The number of circulating tumor cells (CTCs) in the blood is a strong predictor of worsening disease in patients with metastatic breast cancer, providing a less costly and less invasive means of such evaluation.
CTCs are associated with poor clinical outcomes in metastatic breast cancer. To validate the prognostic and predictive significance of this biomarker, Minetta Liu, MD, and colleagues analyzed six peer-reviewed, published studies, all of which happened to employ the FDA-approved CellSearch immunomagnetic/immunofluorescence assay. Teams from international cancer centers contributed blinded data to create a pooled data set of 841 patients.
The large sample size allowed the researchers to confirm previous findings linking a CTC count of 5 or higher with disease progression. The predictive value of CTC was not affected by treatment type (chemotherapy, endocrine therapy, biologic therapy) or line (first-line, second-line, or third-line or more); by tumor type (hormone receptor positive/negative, HER2 positive/negative); by presence or absence of bone metastases; or by presence or absence of disease limited to bone.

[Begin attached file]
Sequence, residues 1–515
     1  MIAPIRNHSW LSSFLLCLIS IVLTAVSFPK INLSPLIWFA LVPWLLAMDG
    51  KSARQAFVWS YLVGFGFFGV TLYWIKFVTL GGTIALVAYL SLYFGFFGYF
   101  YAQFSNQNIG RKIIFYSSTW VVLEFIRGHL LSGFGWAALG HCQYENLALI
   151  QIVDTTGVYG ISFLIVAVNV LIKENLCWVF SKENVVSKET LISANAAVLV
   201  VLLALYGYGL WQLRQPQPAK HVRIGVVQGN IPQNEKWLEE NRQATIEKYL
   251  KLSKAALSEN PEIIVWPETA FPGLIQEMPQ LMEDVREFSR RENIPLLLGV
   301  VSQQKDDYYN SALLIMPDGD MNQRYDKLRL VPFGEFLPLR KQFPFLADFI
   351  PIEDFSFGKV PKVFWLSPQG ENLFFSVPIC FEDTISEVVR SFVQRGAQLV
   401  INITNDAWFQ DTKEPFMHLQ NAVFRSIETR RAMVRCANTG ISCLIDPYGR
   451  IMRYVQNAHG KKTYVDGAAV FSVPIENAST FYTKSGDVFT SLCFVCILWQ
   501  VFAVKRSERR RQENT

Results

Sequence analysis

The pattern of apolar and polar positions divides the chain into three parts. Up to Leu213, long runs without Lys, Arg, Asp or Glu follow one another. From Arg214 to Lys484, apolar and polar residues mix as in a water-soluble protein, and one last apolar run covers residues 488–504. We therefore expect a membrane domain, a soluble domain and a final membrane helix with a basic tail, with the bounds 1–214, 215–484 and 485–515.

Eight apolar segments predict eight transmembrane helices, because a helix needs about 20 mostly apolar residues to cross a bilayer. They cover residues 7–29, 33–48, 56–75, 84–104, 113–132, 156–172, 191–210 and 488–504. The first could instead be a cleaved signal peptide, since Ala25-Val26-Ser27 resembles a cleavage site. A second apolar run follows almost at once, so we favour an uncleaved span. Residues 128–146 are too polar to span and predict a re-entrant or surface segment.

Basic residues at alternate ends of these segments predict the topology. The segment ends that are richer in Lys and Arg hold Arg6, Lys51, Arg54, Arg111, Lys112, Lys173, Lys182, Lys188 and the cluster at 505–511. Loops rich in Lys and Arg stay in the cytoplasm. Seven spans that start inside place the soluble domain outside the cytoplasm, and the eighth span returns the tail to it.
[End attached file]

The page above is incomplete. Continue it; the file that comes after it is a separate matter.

“When a patient with metastatic breast cancer feels well and looks well, has had normal recent scans and CTC results that are consistently less than 5, we feel more confident in her current treatment plan and may delay repeat imaging studies in favor of the less-invasive CTC blood test,” explained Liu in a statement describing the findings, which will be presented at the annual meeting of the American Society of Clinical Oncology, to be held June 3-7, 2011, in Chicago, Illinois (http://abstract.asco.org/AbstView_102_82981.html).